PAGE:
LSA weight requirements Sling vs RV

Discussion in 'Home Builders and Sport Pilots' started by jaymark6655, Dec 14, 2017.

  1. jaymark6655

    jaymark6655 Pre-takeoff checklist

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    I spent all day looking for this after comparing the Sling 2 to the RV-12 and finally found it in the Title 14 1.1 General Definitions, I did not see anything else anywhere covering this in the FARS.

    "Light-sport aircraft means an aircraft, other than a helicopter or powered-lift that, since its original certification, has continued to meet the following: (1) A maximum takeoff weight of not more than—(i) 1,320 pounds (600 kilograms) for aircraft not intended for operation on water; or(ii) 1,430 pounds (650 kilograms) for an aircraft intended for operation on water."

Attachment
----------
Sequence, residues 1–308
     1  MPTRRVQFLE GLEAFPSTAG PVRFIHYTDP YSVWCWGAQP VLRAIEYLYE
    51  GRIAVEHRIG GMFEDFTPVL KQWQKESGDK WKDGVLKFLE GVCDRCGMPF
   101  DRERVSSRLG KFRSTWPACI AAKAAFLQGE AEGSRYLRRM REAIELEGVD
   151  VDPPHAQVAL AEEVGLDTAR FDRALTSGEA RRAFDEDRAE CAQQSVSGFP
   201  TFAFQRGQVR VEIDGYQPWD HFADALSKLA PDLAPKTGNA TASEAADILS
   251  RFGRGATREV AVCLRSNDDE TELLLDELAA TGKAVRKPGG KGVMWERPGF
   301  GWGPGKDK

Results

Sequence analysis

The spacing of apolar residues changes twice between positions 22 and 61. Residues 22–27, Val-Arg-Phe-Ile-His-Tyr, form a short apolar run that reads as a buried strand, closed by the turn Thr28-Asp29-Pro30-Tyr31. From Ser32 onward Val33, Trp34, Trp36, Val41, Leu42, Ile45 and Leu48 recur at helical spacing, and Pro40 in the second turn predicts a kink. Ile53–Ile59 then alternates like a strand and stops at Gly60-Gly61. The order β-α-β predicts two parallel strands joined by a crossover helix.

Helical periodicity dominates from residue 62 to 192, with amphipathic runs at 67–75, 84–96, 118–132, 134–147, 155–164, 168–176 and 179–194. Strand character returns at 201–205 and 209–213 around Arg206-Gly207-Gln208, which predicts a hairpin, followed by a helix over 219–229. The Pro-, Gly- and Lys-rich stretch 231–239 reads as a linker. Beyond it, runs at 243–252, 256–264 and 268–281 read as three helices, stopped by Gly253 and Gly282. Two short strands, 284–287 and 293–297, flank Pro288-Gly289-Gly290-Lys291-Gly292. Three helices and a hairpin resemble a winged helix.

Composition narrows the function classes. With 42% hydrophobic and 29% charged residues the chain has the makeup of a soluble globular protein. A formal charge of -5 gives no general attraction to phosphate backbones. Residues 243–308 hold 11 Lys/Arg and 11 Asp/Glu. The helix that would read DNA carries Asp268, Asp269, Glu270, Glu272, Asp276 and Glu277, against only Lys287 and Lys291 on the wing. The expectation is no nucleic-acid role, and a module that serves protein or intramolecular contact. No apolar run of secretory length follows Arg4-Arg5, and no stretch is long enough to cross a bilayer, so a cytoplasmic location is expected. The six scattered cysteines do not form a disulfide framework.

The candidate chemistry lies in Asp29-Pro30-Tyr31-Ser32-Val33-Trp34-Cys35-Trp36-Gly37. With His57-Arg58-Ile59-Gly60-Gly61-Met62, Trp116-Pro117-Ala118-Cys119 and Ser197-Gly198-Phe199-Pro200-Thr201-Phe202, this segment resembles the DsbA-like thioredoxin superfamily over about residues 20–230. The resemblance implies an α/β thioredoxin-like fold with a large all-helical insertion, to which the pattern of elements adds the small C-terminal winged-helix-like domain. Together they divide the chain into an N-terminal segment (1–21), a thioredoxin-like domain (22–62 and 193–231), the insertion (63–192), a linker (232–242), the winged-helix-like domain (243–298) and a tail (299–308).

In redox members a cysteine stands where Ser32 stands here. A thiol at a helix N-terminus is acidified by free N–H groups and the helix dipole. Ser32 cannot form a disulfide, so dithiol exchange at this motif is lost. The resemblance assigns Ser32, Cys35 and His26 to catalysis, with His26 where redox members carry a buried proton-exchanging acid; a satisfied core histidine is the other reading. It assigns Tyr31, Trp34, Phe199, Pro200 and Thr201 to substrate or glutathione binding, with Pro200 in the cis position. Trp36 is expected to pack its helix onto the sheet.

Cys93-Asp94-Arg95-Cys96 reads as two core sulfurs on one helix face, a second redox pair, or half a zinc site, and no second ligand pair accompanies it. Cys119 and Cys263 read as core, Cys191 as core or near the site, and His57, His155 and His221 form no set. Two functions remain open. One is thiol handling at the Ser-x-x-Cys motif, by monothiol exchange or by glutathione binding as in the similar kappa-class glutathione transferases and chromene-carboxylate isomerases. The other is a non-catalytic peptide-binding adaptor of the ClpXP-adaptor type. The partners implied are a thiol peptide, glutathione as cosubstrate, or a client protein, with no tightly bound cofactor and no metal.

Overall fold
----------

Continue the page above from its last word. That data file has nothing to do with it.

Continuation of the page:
My understanding is a sports pilot can fly anything that meets the performance definitions of weight, airspeed, seating, etc. Here it specifically says maximum takeoff weight with no mention of gross. So if the weight and balance was based on 1320 lbs., but the gross much higher was something else could the sport pilot fly it? The reason I started thinking about this was primarily the Sling. As a certified LSA its Gross is 1320, but as a EAB it is 1540. Generally it is accepted that a sport pilot can fly an EAB if it meets all the requirements, which the sling would be excluded if this was gross and not takeoff weight. So if you tests your EAB at 1320 and have a weight and balance done for 1320 a sling can be flown by a sport pilot, but what if you had down everything for 1320 and 1540 could a sport pilot fly it using the 1320 weight and balance and the private pilot fly it using the 1540 weight and balance since the only thing changing between the two is how much fuel you are putting in the aircraft? The quoted bit from the FARS sure makes it look like you could, AOPA and the EAA pages on goggle searches word it as "Gross Takeoff Weight", which does not match the FAR and would make a Sling EAB not a LSA unless you specifically made it as ELSA reducing its gross to 1320. Thoughts?